C# 7 Series, Part 8: “in” Parameters


C# 7 Series

Part 1: Value Tuples
Part 2: Async Main
Part 3: Default Literals
Part 4: Discards
Part 5: Private Protected
Part 6: Read-only structs
Part 7: Ref Returns
Part 8: (This post) “in” Parameters

Background

By default, method arguments are passed by value. That is, arguments are copied and passed into the method. Therefore, modification to the argument inside the method body does not affect the original value. In most of the cases, modifications are unnecessary.

Other programming languages, such as C++, has a const parameter or similar concept: This indicates that the parameter inside the method body is a constant that cannot be reassigned. It helps to avoid mistakes where you unintentionally reassign a method parameter in the body, and improves the performance by disallowing the unnecessary assignments.

C# 7.2 introduces the in parameter (aka. readonly ref parameter.) A method parameter with in modifier means that this parameter is by ref and read only within the method body.

in parameters

Let’s take the following method definition as an example.

public int Increment(int value)
{
    // Reassignment is ok, "value" is passed by value.
    value = value + 1;
    return value;
}

To make a readonly ref parameter, use the in modifier for a parameter.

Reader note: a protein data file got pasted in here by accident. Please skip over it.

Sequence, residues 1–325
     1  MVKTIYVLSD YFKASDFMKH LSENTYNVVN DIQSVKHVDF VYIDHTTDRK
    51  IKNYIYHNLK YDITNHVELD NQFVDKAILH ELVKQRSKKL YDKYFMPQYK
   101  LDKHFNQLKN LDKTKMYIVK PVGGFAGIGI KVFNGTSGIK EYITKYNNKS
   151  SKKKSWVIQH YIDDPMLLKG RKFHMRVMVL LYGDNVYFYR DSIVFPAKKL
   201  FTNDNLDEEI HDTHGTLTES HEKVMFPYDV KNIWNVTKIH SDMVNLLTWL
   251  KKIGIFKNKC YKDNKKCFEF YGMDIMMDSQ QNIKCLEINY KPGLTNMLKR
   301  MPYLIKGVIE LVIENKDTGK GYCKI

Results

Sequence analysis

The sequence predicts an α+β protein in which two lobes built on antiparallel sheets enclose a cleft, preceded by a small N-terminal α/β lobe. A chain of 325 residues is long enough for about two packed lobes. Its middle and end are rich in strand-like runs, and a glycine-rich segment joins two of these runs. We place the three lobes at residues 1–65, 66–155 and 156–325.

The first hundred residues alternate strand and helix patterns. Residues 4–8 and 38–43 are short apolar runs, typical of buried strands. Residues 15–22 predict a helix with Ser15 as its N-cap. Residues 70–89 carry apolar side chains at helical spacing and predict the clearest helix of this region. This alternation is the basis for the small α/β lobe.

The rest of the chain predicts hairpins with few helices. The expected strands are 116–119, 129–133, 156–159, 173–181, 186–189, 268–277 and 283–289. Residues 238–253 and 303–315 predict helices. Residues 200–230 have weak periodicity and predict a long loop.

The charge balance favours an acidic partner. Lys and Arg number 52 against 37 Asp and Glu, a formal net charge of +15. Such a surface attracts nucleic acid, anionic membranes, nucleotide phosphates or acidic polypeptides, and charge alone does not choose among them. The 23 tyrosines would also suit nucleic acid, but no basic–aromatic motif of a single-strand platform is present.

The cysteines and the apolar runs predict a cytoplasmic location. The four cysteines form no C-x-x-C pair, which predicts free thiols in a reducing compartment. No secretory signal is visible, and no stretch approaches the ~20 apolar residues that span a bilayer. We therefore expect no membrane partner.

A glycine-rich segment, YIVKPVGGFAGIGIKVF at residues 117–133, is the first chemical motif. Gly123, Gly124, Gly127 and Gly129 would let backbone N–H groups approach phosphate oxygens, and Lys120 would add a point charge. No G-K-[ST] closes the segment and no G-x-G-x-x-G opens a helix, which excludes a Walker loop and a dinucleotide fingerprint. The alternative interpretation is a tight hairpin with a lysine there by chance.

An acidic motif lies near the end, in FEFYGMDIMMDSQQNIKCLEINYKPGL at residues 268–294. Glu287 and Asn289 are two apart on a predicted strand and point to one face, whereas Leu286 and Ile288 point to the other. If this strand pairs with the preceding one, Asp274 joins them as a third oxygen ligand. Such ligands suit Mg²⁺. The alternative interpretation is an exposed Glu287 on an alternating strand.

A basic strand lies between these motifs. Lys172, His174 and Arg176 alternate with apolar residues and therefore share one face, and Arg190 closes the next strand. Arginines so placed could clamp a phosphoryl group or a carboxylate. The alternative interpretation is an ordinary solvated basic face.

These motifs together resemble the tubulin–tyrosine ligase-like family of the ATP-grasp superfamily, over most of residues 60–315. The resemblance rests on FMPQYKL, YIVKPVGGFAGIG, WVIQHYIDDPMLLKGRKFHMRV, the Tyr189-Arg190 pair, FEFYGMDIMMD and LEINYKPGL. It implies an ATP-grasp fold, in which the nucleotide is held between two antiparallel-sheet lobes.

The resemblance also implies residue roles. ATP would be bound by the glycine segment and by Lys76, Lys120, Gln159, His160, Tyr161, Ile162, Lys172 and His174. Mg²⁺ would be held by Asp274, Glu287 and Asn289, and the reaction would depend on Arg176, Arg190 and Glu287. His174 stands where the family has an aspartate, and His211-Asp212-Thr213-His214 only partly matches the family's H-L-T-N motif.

public int Increment(in int value)
{
    // Reassignment is not ok, "value" is passed by ref and read-only.
    int returnValue = value + 1;
    return returnValue;
}

If you reassign value, the compiler will generate an error.

image

To call this method, use your normal way.

int v = 1;
Console.WriteLine(Increment(v));

Because value is read-only, you cannot put value in the left side (I.e. LValue.) Unary operators that does an assignment is also disallowed, such as ++ or . However, you can still take the address of the value and modify using pointer operations.

Overload Resolutions

in is a modifier to a method parameter that indicates the ref kind of such parameter, it is considered as part of the method signature. That means you can have two method overloads that just differ by in modifier.

The following code example defines two method overloads, with just the ref kind different.

public class C
{
    public void A(int a)
    {
        Console.WriteLine("int a");
    }

    public void A(in int a)
    {
        Console.WriteLine("in int a");
    }
}

By default, the method call will resolve to use by value signature. To clear the ambiguity and explicitly call the by ref signature, put in before the actual argument when explicitly call the A(in int) method overload.

private static void Main(string[] args)
{
    C c = new C();
    c.A(1); // A(int)
    int x = 1;
    c.A(in x); // A(in int)
    c.A(x); // A(int)
}

The program output is as following.

image

Restrictions

Since in parameters are read-only ref parameters, all ref parameter limitations apply.

  • Cannot apply with an iterator method (I.e. method that has yield statements.)
  • Cannot apply with an async method
  • If you mark the args of the Main method as in modifier, the method signature will become invalid for the entry point.

in parameter and the CLR

.NET already has a similar concept in CLR, so the in parameter feature does not require CLR changes.